The Johnson County Historical Society's

Asylum and Poor Farm

 

 

location and land | future and projects | threats and opposition

Threats and Opposition

The largest threat to the Poor Farm is development. The land value is very attractive to area developers, which is a reason why funds need to be appropriated to maintain and save the land. Without preservation of the asylum wing, barn, and land, there will be no historical value, which makes it easier for developers to carry out their plans.

The opposition is another issue concerning the protection of the farm. Some citizens believe that the county’s priorities are out of sort. The county should spend their budget on something more important to the community. The needs of the citizens should come before an old farm, like improving public transportation or building more houses. Although these are fair arguments, the heritage and memory of the way Johnson County cared for its citizens in need over one hundred and fifty years ago is also valuable for the citizens in a historical aspect.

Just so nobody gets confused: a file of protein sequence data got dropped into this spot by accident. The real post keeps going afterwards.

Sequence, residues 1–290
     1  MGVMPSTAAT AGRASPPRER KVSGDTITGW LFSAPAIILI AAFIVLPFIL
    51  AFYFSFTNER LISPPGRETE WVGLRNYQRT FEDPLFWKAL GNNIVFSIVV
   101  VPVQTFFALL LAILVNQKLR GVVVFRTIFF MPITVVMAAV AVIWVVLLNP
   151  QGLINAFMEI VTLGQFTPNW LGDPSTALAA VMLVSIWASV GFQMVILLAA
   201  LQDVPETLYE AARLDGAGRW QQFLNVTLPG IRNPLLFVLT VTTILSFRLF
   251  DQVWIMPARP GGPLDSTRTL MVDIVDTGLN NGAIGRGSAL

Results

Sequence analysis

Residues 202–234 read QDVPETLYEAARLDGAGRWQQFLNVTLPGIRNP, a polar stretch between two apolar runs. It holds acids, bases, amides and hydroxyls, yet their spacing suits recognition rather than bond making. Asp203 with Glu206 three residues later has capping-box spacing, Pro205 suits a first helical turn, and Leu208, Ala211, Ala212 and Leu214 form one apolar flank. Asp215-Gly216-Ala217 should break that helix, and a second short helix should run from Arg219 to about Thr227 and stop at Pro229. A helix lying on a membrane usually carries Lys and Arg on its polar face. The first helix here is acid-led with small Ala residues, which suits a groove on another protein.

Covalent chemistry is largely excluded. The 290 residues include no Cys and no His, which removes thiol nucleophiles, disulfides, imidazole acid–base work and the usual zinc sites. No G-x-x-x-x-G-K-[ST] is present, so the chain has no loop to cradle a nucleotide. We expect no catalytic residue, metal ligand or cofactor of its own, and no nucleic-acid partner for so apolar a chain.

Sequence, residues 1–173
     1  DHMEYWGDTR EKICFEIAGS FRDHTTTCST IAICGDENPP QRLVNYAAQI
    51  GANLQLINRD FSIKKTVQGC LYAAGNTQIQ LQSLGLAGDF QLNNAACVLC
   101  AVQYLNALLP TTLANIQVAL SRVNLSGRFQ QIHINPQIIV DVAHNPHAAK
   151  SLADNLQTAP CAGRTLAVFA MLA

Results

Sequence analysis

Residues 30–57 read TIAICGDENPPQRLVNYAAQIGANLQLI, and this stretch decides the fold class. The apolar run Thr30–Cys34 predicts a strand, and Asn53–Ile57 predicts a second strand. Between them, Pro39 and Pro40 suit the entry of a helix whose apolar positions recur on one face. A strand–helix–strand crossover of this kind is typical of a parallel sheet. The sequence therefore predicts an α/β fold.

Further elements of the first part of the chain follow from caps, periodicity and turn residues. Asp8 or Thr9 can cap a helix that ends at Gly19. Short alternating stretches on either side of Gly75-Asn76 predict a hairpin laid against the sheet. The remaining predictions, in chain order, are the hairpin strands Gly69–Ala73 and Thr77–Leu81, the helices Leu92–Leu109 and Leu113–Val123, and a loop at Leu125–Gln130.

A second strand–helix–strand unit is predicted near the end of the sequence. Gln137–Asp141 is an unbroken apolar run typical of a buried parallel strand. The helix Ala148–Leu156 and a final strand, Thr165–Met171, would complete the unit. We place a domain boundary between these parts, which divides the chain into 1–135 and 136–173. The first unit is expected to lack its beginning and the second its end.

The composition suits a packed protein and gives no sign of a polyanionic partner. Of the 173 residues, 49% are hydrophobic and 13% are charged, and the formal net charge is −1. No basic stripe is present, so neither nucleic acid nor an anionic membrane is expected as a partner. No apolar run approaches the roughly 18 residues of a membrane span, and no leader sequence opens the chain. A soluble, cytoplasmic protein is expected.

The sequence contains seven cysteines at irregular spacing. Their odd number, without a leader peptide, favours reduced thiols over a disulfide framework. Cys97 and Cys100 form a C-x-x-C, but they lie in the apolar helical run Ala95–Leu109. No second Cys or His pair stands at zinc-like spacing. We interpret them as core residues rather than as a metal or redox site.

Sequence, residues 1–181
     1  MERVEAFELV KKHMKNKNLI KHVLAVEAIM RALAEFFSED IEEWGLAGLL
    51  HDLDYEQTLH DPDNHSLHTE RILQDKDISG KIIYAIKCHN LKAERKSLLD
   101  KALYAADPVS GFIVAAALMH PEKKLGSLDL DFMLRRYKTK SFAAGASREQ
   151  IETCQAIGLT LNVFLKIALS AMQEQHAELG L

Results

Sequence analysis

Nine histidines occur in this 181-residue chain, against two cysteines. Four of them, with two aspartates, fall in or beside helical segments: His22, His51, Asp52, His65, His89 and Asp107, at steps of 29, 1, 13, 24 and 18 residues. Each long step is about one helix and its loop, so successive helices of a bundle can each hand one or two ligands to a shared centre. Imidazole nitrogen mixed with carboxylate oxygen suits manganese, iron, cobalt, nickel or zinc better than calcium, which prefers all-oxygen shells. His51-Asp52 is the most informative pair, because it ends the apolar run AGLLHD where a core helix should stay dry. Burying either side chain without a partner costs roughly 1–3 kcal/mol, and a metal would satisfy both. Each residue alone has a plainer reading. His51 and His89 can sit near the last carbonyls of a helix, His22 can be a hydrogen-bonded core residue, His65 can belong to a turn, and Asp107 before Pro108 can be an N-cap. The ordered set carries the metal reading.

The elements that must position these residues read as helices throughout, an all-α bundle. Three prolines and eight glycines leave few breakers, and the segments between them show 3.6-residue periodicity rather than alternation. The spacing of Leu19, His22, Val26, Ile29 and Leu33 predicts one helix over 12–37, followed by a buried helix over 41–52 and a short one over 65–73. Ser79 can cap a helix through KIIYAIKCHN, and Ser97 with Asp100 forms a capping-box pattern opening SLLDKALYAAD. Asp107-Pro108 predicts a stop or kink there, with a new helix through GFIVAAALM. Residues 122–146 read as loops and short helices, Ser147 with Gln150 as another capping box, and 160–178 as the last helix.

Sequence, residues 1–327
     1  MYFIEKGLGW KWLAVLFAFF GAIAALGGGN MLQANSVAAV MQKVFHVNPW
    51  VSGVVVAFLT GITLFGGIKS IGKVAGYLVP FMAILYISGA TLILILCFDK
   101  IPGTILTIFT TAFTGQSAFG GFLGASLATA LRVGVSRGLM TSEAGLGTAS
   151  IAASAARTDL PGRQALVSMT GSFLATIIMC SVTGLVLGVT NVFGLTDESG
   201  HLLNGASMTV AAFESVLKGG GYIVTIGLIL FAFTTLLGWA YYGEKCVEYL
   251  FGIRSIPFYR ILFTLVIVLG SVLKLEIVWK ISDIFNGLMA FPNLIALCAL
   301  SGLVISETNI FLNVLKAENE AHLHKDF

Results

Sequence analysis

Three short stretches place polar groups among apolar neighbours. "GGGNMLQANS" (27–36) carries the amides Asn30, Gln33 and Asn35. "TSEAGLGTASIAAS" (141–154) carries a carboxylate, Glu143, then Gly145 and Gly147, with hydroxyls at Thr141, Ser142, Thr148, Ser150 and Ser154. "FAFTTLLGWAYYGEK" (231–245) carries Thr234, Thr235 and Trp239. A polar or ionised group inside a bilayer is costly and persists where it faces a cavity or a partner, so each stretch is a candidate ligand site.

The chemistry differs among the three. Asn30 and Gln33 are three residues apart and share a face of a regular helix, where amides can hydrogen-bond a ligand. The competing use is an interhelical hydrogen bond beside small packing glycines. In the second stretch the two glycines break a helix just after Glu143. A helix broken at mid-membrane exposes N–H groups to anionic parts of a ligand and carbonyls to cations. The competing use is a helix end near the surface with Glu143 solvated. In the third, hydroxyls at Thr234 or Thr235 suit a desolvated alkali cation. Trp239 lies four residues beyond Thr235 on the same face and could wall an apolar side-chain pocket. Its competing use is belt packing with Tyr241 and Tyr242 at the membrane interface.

The restored asylum

 

Information courtesy of an article written by Linda Hartmann.

Information courtesy of an article written for interpretation by the
Johnson County Historical Society.

 

 
For questions or comments, please contact Catherine Stewart